Home from India: Thoughts on lineage

When I left for India last month, I was light in luggage (carry-on only!), but heavy in questions. Not a great number of questions, but a couple of biggies. The questions weren’t new ones, I’ve been asking them for years. Maybe you and I have already had this conversation, maybe these questions are yours also.

The questions have, at their core, the great human need for belonging. Don’t we all want to feel like we belong? I have a deep sense of belonging within my family, both the one I was born into and the one I created with my partner. But when it comes to the yoga community, I used to wonder where I fit.

Like any tradition with a long and rich history, yoga has its own genealogies, or lineages, as they’re called. You can trace certain yoga teachings back through time, as received by students from their teachers, who received them from their teachers, and so on. When yoga made its big leap over the ocean to North America in the last century, a number of lineages landed safely, and are still being passed down today. From the great Indian yoga master Krishnamacharya, for example, came several lineages that are widely practiced in North America: Ashtanga yoga (as taught by K. Pattabhi Jois), Iyengar yoga (as taught by BNS Iyengar), and Viniyoga (as taught by TKV Desikachar), to name a few.

However, it’s just as possible in North America to be a student of yoga and exist outside of any particular lineage. At the multi-style yoga studio where I took my first yoga teacher training, we were taught about lineages without being located in one. My teachers had varied backgrounds. One teacher was trained in the Kripalu tradition and spoke fondly of her “grandpa guru” (i.e. her guru’s guru), but it was clear that he wasn’t our grandpa guru. We were never initiated into that particular lineage. In some traditions, such as Sivananda (as taught by Vishnudevananda) and Kundalini (as taught by Yogi Bhajan), new teachers are given a spiritual name to announce their place in their yoga community. We were offered no such rite of passage.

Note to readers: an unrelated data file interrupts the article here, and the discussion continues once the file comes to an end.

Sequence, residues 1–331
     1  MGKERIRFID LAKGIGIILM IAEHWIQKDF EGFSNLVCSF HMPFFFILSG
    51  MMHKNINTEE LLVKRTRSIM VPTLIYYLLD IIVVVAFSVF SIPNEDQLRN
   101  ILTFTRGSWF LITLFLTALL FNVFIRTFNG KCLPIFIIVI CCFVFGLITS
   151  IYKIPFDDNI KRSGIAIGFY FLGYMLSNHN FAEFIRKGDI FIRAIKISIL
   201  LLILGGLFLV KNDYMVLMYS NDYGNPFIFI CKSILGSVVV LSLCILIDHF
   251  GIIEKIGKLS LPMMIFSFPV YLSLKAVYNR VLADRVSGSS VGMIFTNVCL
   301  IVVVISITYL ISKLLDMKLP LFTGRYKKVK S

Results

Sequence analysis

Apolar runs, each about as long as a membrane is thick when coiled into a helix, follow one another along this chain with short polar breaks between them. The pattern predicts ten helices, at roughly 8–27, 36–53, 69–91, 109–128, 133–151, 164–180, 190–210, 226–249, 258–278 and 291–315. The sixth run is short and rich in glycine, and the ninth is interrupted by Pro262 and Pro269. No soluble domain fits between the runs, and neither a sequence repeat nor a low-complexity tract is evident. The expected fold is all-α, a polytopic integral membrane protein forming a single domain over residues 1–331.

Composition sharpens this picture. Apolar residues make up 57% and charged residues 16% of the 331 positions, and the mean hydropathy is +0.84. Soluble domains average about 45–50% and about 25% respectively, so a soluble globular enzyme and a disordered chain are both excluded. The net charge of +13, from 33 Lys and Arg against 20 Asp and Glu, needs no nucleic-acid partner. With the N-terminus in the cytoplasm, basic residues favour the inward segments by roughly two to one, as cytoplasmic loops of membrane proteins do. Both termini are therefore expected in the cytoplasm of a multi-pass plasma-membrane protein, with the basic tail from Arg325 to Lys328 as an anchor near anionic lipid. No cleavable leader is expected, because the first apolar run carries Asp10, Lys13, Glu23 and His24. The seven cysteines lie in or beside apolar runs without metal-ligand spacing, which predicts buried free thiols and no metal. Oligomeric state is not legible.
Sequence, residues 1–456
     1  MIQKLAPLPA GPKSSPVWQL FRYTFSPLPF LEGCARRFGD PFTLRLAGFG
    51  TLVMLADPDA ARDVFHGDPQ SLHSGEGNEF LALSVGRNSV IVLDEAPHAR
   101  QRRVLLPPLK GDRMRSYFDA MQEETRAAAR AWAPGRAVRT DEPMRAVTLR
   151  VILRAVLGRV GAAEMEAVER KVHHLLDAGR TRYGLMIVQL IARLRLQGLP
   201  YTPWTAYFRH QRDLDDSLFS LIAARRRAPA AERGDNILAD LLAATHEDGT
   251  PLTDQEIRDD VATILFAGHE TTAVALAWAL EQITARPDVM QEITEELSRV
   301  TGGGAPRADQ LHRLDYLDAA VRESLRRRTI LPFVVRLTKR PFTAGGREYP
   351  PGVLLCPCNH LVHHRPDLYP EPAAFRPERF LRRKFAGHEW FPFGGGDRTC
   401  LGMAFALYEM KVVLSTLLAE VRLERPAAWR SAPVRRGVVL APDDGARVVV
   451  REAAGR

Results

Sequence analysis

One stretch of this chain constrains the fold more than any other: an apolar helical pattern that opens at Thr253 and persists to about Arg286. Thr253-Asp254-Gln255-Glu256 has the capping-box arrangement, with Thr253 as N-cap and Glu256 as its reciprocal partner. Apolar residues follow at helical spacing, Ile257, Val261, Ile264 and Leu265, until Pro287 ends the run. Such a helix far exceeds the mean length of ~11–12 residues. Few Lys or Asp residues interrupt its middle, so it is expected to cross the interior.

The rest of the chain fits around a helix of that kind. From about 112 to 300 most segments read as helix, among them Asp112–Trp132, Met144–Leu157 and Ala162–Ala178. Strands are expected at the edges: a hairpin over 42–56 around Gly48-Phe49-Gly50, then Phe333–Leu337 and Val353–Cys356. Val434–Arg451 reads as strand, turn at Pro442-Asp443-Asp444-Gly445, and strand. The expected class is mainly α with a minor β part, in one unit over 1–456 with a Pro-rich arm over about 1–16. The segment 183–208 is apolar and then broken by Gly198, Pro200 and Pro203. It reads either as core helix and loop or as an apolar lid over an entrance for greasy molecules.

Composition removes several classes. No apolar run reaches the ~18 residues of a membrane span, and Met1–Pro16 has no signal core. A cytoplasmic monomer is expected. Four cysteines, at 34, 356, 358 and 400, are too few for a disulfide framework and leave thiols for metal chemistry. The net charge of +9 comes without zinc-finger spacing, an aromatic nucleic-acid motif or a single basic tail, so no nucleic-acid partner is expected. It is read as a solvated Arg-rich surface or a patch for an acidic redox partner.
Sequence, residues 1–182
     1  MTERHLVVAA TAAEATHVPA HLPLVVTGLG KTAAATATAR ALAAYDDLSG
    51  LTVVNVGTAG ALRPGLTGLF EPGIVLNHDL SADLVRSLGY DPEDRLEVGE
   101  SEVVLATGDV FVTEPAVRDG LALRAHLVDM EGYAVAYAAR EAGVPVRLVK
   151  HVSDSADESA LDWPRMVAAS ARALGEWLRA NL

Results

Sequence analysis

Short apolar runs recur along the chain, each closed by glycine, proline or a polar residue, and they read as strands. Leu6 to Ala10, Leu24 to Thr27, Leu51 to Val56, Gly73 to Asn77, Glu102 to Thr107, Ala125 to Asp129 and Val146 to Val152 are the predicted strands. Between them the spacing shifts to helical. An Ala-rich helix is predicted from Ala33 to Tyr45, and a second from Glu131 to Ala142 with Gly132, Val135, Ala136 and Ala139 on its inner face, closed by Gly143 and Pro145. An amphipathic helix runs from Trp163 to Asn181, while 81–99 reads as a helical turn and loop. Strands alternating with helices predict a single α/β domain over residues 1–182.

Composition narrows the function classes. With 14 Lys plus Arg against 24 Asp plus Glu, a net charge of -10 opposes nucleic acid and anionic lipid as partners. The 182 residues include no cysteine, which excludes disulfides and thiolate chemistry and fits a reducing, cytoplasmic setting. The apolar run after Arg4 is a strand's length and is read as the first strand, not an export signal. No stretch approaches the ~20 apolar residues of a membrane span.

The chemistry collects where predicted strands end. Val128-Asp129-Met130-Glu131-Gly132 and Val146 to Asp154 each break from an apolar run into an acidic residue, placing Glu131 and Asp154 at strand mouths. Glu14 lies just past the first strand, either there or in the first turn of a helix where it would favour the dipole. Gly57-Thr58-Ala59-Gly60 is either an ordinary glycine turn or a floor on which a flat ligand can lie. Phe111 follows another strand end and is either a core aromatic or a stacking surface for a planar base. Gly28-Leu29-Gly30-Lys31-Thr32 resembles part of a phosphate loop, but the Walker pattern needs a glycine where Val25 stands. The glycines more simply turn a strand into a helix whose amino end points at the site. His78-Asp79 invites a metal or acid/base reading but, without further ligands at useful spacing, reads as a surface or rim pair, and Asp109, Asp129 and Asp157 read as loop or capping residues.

Truthfully, I’m ambivalent about spiritual names. They seem a bit silly. But I kind of want one. I’ve also found myself wanting a guru whose picture I could put in a frame and place on my altar, preferably a dead guru who hasn’t been involved in any sex scandals. I thought this would give me a kind of comfort when I stand at the front of a yoga class. I thought I would feel more confident if I knew that my teachings were part of an unbroken chain of time-tested wisdom, and I could point to that chain and say “See that link at the end? That’s me.”

So, I went to India carrying these questions about lineage and gurus and wondering about my place in it all. In India, I attended satsangs (gatherings) with a number of different swamis (master teachers). I asked my questions, and, just as important, I had lots of time to sift through the answers I received during periods of meditation, contemplation, and the practice of mauna (holding silence).

What it comes down to, I see now, is a false fiction: I believed that having a clear lineage would provide ground in a groundless world. Every time I’ve met with ambiguity in my practice I’ve believed it to be the result of having no clear path. I’ve longed to be insulated against failure, stepping in the footprints of the ones who broke the trail for me.

What I learned in India is that lineages, as I know them, come and go. To put it into western terms, they’re like brand names. If we have a good experience at an Iyengar class, we start to look for Iyengar classes. But Iyengar is just another word for yoga, the way Levi’s is just another word for jeans. Long before there was Iyengar, there was yoga. That’s my lineage.

I am part of an unbroken chain, and my teachings do come from time-tested wisdom. My practice is the culmination of all my teachers, and their teachers, and their teachers’ teachers, and so on. I’m part of the great lineage of yoga; I’m a link in that chain. There’s no convenient shorthand for what I do or how I teach, but I do have a seat at the table. I do belong to this family.

At the same time, ambiguity and groundlessness are here to stay. A seat at the table doesn’t make me immune to doubt. But recognizing that, from within a community of yogis who are all at different stages of making friends with uncertainty, is, in itself, a comfort.

Image © 2017 Erin Bidlake

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